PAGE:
During the second half of the movie. He’s been held in a sanatorium (I think?) for about a year during which it is assumed that he was unable to do work due to his depression, or at the very least not be going around investigating again like he did before.
In both of these cases, this proves that after traumatic events, he stops investigating entirely, albeit for different reasons. So this whole “detective thing” going on with Judy? That ain’t a detective doing his job, that’s an obsessive, manipulative creeper who seems to need the existence of Madeline (or a woman like Madeline) in order for him to function and be happy again. (I dunno why, but doesn’t that seem like a strange role reversal in a way that stereotypes want us to believe that women need a man to complete their lives? Hmm….)

Scottie subconsciously knew that Madeline wasn’t truly dead!

Although it’s possible, it’s never been confirmed and the chances are slim, so that’s not very solid as an excuse.

Well, Madeline went along with Scottie’s demands out of love!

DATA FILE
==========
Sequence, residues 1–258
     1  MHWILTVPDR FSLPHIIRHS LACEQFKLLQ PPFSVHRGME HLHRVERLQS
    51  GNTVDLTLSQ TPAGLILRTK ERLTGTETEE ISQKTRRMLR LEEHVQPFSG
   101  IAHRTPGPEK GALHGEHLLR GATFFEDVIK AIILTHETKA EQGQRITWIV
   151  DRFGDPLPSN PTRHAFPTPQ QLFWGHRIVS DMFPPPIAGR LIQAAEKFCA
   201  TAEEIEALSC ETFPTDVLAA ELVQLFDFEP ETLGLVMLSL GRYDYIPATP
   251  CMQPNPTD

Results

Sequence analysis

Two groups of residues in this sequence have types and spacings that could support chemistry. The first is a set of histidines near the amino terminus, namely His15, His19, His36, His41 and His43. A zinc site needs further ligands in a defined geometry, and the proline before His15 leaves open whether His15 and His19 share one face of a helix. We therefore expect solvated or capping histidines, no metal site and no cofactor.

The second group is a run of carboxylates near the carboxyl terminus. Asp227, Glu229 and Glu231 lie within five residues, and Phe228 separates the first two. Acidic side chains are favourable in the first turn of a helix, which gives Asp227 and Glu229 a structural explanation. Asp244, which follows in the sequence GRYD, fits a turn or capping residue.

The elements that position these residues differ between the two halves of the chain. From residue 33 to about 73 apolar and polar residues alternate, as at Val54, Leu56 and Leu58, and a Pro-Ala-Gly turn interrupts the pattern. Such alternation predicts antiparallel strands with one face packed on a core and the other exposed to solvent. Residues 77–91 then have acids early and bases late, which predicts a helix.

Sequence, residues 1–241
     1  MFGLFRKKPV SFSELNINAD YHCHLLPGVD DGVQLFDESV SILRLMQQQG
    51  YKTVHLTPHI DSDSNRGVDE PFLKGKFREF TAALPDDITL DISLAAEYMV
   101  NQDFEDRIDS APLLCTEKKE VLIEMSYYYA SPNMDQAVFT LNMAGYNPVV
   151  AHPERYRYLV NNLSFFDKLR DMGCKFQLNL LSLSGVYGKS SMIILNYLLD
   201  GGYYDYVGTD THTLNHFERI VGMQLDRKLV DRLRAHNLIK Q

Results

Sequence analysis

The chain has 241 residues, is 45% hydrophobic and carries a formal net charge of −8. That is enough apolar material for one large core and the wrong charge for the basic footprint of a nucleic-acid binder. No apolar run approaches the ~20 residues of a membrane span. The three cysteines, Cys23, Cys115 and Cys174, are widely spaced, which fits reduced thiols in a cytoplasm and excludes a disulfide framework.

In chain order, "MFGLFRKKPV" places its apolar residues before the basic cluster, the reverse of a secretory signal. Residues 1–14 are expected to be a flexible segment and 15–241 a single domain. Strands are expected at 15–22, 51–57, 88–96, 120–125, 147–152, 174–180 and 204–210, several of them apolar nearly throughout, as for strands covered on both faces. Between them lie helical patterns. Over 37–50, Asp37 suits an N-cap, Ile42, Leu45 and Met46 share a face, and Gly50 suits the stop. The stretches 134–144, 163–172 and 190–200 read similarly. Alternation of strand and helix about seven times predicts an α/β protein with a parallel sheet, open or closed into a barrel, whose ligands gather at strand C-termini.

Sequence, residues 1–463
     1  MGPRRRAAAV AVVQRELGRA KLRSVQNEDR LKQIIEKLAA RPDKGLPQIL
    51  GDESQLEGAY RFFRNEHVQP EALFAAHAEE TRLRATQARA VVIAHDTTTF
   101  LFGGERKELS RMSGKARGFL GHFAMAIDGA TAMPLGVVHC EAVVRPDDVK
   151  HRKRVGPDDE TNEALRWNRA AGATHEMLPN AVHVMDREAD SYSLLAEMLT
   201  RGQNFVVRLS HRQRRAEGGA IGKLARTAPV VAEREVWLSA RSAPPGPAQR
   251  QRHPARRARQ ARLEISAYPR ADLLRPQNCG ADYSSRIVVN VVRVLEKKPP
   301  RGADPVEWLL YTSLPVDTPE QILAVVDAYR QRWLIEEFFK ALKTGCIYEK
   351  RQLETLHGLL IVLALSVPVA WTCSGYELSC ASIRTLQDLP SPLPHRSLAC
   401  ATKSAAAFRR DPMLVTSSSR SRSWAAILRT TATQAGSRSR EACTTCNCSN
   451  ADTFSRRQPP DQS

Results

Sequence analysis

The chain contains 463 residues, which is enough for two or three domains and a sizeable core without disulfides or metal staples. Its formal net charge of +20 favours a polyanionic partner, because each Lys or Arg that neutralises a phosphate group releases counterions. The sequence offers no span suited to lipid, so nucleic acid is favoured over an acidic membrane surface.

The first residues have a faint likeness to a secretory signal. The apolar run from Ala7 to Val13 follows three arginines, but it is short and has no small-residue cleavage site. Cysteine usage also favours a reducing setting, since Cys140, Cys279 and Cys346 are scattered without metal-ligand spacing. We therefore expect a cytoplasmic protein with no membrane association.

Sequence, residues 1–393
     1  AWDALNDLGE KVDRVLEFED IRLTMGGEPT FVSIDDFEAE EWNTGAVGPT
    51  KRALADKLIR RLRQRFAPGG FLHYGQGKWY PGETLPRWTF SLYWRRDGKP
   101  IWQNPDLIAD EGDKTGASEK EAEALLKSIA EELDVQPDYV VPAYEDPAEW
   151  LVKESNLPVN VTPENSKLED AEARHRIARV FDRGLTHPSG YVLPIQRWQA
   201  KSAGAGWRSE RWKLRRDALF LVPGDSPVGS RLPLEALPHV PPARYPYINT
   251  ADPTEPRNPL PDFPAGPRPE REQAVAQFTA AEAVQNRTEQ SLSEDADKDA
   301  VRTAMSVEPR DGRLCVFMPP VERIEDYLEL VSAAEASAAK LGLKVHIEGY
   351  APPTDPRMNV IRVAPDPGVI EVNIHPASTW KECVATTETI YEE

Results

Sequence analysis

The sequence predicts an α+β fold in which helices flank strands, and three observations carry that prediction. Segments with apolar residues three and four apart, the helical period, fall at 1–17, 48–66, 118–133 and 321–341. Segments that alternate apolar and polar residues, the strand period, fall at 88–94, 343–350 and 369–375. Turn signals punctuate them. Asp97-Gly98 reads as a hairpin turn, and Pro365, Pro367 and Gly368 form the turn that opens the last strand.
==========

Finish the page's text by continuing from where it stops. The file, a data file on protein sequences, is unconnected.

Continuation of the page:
Yes and no. Yes, it’s clear that she does love him and does want to play along to have a chance to be with him. However, I feel like there’s this one thing that we’ve all overlooked; she was most likely used by Gavin as a pawn, not the one most likely to come up with the cover up/plan (unless there was something that I missed). Remember that this is still the late 1950’s so it’s automatic to understand that Gavin was the one in control and was using Madeline as a means to his own end of killing his wife. Just like how Scottie used Madeline as a means to his own end of “moving on from the past” and getting over his vertigo. She fell into the hands of one controlling man to another, so she in part had less control of the situation than some would argue.

I knew there were some other points, but these were just the ones that I can formulate in my head at the moment.

I guess what I’m trying to get at here is that if this is the character that men back at the time are supposed to relate to and aspire to become, no wonder that in our more free society, there’s still some patriarchal aspects that remain due to the older generations continuing to enforce those views through various forms of power, whether it be through government, media, and simply people within our own lives.

3 thoughts on “Scottie: Are We Really Supposed to be Cheering for this Obsessive Creep?

  1. I totally agree. One of the things that confused me most about the movie is the problem of protagonist, antagoinst, foil, etc. I honestly don’t know who’s who. I feel like it’s almost a switch; in the first half, Scottie is our main man, but the audience is persuaded to shift their perspective in the second half, relating more with Judy as the victim.